- Global Threat: New research shows that nearly three-quarters of respondents across 19 countries with advanced economies are very concerned about false information online.
Companies beefed up their content moderation efforts to comply, but many German policymakers said the law did not go far enough because it targeted companies rather than the individuals who were posting vile content. Hate speech and online abuse continued to spread after the law passed, as did the rise in far-right extremism.
The assassination of Mr. Lübcke represented a turning point, intensifying efforts to prosecute people who broke the speech laws online. And in the last year, the government adopted rules that made it easier to arrest those who target public figures online.
Daniel Holznagel, a former Justice Ministry official who helped draft the internet enforcement laws passed in 2017, compared the crackdown to going after copyright violators. He said people stopped illegally downloading music and movies as much after authorities began issuing fines and legal warnings.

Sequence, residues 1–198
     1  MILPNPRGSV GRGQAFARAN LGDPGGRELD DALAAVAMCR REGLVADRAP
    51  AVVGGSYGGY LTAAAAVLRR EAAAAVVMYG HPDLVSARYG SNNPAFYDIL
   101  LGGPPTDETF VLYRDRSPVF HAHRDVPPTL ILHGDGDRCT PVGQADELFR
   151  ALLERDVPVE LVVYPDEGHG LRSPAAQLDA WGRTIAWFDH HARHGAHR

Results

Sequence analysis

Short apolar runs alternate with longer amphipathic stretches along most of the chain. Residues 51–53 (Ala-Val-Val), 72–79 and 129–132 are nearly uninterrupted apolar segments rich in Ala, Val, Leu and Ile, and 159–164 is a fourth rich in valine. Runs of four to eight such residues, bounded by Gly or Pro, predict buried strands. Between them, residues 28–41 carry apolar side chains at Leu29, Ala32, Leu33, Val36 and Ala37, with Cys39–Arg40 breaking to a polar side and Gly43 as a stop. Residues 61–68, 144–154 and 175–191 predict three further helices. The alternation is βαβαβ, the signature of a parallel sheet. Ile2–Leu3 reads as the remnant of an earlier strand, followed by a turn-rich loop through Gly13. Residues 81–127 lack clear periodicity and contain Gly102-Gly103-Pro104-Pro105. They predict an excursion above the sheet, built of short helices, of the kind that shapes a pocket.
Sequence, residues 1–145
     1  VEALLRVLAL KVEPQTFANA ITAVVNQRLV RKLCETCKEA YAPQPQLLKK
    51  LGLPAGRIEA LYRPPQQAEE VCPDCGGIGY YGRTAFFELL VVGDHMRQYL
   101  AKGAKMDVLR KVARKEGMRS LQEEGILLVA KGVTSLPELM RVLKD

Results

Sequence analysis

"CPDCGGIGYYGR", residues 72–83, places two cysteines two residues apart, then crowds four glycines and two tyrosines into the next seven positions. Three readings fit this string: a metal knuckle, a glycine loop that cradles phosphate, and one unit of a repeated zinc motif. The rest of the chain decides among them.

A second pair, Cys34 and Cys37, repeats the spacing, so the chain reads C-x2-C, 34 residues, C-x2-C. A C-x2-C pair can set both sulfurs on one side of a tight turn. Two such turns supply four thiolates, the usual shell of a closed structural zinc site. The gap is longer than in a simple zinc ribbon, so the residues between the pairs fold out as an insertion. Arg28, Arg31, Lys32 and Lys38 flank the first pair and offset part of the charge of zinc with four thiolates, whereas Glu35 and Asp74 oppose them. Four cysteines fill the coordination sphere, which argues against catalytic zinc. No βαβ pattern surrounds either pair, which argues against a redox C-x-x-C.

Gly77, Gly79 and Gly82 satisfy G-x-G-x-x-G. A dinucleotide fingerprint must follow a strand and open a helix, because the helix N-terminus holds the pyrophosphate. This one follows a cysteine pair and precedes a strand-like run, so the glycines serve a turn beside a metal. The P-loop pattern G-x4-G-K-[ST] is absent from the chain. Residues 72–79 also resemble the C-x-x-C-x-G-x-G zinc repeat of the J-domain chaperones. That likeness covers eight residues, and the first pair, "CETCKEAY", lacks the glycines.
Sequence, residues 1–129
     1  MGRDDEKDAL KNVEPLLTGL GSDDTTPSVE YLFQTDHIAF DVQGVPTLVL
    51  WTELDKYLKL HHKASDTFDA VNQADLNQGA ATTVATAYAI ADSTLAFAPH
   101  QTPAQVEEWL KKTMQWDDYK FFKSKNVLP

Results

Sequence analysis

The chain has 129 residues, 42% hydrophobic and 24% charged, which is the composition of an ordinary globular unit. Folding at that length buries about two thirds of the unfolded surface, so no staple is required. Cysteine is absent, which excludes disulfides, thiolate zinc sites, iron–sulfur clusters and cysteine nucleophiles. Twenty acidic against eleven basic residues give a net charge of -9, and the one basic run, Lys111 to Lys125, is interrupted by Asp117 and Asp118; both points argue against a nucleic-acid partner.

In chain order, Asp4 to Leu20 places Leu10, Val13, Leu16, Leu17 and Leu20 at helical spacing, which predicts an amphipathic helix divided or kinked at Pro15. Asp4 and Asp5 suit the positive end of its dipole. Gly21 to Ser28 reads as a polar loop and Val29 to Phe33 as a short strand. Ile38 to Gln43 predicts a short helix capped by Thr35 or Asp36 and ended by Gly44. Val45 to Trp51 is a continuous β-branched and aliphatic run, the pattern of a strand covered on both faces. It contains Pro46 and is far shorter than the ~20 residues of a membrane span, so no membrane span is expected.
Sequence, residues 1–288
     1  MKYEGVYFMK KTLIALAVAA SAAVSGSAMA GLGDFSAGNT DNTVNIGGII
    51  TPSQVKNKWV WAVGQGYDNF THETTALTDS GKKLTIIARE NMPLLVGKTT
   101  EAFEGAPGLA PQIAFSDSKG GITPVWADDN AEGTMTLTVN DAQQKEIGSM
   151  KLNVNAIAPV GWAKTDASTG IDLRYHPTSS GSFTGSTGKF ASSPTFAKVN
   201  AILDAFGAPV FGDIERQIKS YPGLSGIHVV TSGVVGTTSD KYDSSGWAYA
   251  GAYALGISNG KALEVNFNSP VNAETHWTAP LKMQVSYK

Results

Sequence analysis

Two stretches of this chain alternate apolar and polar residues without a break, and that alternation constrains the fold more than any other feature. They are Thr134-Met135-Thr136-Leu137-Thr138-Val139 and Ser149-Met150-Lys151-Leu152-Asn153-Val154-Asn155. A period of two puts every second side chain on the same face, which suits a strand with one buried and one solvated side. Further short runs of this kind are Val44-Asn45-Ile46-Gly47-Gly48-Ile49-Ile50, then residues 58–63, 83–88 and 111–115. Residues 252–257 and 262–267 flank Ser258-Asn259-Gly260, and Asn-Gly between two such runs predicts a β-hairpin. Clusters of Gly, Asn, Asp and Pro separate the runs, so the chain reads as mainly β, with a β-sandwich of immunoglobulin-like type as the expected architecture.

“You can’t prosecute everyone, but it will have a big effect if you show that prosecution is possible,” said Mr. Holznagel, who is now a judge.
The Internet Police
Red evidence files fill the hallways, bookshelves and desks of the special task force located in a converted courthouse in Göttingen. The files are full of printouts of words and images that no one sharing them probably ever imagined would be collected by government prosecutors in real life: Facebook comments, tweets and Telegram posts depicting antisemitism, racism, violent threats, insults and more.